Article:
- VN strives to reduce HIV infections despite funding shortage
- Vietnam strives more HIV-infections to access to antiiretroviral treatment
- WB-partially funded project helps reduce HIV infections
- VN to reduce HIV infection below 0.3% by 2020
- HIV/AIDS prevention project in Hai Phong contributes to reducing HIV infection
According to the Vietnam Administration of HIV/AIDS Control, the country began offering Pre-exposure Prophylaxis (PrEP) to people at high risks of contracting HIV, especially gays, in June 2017.
People, who are at high risk, take an antiretroviral (ARV) drug which contains tenofovir every day. When they are exposed to HIV through sex or recreational drug injections, the oral HIV PrEP may work to keep them from becoming infected. When taken consistently, PrEP has been shown to reduce the risk of HIV infections in people who are at high risk by up to 92%.
The pilot project has been implemented in Ho Chi Minh City until September 2018. Its outcomes will be used to build national guidelines and financial mechanism for PrEP in the coming time.
In addition, the Ministry of Health has scaled up community-based HIV testing services, focusing on 15 cities and provinces with large numbers of HIV infections; and piloted the HIV self-testing in which people can perform a test on a sample of their saliva at community-based organisations.
It has also expanded a network of district-based public clinics that provide HIV confirmatory tests in “hotspots” like HCM City, Thanh Hoa, Son La, Dien Bien, Nghe An, Yen Bai and Lao Cai. This has helped reduce waiting time for results and save costs.
The Vietnam Administration of HIV/AIDS Control estimated that there were over 3,500 people who tested HIV-positive, approximately 2,000 infected people had fill blown AIDS and 641 died of the disease during the first five months of 2017, down 11%, 21% and 34%, respectively, from the same period last year.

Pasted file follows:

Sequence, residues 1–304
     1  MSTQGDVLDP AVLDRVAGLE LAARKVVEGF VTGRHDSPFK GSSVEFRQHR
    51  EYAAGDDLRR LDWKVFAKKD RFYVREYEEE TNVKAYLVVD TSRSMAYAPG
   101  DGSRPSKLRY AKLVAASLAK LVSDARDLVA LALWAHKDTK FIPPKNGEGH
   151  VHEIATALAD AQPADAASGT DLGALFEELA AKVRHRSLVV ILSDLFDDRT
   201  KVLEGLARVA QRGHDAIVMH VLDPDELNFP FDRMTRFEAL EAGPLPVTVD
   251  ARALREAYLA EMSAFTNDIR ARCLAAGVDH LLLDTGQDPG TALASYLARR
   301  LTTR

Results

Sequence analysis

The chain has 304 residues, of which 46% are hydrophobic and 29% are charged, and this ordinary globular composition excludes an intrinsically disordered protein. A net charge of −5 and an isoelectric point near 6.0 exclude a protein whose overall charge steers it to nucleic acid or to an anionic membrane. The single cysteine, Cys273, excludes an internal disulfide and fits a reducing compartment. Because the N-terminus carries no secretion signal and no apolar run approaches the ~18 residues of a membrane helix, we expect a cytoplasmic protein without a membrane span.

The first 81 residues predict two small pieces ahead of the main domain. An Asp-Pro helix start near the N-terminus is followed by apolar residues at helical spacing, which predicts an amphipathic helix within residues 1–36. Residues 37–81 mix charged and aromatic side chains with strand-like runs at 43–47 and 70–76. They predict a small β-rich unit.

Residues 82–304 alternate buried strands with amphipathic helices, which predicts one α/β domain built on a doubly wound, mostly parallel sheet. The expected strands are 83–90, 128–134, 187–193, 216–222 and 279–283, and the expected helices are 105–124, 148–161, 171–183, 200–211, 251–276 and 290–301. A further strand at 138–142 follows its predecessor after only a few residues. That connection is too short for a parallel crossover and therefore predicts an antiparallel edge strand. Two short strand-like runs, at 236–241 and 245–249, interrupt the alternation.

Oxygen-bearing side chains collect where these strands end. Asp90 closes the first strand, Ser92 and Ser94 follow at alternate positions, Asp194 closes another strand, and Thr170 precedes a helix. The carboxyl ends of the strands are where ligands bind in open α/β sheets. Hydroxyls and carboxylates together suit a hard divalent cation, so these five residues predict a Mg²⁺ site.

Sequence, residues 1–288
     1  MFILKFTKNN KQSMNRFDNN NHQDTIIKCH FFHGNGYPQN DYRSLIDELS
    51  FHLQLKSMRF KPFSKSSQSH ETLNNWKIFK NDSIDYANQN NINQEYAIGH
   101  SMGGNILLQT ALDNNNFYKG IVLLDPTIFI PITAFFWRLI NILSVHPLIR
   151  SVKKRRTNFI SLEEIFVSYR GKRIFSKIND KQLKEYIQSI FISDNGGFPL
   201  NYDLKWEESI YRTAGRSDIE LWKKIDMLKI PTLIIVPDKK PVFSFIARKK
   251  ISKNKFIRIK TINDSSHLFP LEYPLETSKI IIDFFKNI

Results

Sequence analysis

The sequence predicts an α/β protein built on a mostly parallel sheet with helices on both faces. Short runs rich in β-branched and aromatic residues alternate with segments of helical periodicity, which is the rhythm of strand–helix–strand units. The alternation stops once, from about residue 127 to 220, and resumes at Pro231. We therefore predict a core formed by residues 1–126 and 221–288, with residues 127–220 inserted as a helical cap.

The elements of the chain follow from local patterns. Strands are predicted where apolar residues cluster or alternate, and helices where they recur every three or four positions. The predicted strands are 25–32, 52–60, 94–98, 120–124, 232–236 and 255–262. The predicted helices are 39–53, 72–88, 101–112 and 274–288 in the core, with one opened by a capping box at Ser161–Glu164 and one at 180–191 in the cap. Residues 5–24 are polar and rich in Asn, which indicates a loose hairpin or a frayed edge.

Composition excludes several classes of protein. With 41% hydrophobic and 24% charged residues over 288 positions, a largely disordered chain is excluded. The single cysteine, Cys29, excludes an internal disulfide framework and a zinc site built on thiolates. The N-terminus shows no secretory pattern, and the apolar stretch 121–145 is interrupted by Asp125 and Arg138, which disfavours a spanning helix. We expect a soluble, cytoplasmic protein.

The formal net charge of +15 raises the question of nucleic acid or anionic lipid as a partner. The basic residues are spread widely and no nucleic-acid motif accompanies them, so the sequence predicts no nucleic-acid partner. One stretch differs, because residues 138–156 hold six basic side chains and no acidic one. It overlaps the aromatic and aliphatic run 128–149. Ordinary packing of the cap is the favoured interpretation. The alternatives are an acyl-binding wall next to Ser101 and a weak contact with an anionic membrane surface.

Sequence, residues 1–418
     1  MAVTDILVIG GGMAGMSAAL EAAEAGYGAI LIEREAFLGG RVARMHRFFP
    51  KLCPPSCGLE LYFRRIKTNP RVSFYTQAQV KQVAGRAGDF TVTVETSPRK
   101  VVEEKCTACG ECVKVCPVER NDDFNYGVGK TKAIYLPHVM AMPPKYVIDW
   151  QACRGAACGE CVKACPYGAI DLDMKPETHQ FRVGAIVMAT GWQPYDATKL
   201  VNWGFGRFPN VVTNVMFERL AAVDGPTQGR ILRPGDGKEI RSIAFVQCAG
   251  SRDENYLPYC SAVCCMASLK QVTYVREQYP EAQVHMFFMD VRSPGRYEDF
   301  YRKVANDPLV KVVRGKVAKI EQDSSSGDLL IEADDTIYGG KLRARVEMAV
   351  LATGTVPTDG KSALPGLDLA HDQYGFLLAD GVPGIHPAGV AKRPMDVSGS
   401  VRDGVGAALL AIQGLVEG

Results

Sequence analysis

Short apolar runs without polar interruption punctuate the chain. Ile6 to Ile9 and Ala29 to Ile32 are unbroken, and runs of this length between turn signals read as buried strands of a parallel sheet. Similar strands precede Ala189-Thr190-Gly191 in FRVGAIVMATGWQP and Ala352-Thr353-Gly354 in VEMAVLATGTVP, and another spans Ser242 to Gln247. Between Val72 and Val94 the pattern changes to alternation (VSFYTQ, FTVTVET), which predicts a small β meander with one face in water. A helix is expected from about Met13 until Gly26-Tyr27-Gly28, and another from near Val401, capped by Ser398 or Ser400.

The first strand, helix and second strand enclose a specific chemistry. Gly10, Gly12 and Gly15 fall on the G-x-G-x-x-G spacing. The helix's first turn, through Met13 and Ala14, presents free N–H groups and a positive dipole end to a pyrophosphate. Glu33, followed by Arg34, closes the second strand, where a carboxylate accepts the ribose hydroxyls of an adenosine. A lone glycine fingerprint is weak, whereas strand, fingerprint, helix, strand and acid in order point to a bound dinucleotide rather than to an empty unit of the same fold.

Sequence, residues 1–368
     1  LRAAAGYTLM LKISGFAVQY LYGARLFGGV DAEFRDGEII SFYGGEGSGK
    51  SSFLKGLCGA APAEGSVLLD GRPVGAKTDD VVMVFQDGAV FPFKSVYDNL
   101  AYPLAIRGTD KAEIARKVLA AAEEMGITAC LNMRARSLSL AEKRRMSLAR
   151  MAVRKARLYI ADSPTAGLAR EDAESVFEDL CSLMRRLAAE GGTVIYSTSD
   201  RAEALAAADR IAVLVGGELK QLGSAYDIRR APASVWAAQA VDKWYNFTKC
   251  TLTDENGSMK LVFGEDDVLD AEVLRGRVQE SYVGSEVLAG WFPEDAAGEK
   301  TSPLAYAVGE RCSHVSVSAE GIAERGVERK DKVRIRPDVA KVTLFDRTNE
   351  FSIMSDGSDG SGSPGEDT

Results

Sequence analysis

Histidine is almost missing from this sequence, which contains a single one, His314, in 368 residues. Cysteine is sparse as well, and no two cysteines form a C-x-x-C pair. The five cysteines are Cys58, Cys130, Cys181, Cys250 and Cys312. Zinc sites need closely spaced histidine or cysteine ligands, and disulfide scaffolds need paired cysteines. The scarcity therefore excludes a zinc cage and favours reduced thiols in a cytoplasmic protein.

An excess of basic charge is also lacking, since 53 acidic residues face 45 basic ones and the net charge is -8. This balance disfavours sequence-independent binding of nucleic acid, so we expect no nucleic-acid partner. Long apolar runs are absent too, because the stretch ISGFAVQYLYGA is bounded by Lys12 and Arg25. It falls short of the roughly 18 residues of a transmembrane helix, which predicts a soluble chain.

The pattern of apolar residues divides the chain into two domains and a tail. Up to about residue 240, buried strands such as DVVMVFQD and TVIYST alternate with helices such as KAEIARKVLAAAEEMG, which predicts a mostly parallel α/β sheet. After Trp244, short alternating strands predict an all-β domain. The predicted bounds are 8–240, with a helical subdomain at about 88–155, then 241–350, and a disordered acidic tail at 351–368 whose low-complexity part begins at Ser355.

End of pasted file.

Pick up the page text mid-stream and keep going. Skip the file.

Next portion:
However, 20 cities and provinces across the country saw year-on-year increases in the number of new HIV infections, including Hanoi, Tay Ninh, Yen Bai, Tien Giang, Kien Giang, HCM City and Phu Tho. The number of new HIV infections in Hanoi and HCM City accounted for 25% of the country’s total new cases.
In addition, the number of HIV infections among gays has been on the rise since 2013 and unprotected intercourse is still the most common way of HIV infection in Vietnam.
Many challenges remain for HIV/AIDS control in the country largely owing to the lack of funding, said Dr. Hoang Dinh Canh, deputy head of the Vietnam Administration of HIV/AIDS Control.
It has resulted in ineffective harm reduction intervention and communication activities, meanwhile, the number of people receiving Methadone and ARV treatment barely increased, he added.
Until the end of this year, the HIV/AIDS control authority plans to continue ramping up communication campaigns on HIV/AIDS control and prevention with the focus on preventing exposure to HIV, early HIV tests, early ARV treatment and inviting more people to join health insurance schemes, Canh noted.
The health sector will also increase health workers at HIV “hotspots” in remote areas and foster HIV tests at prisons.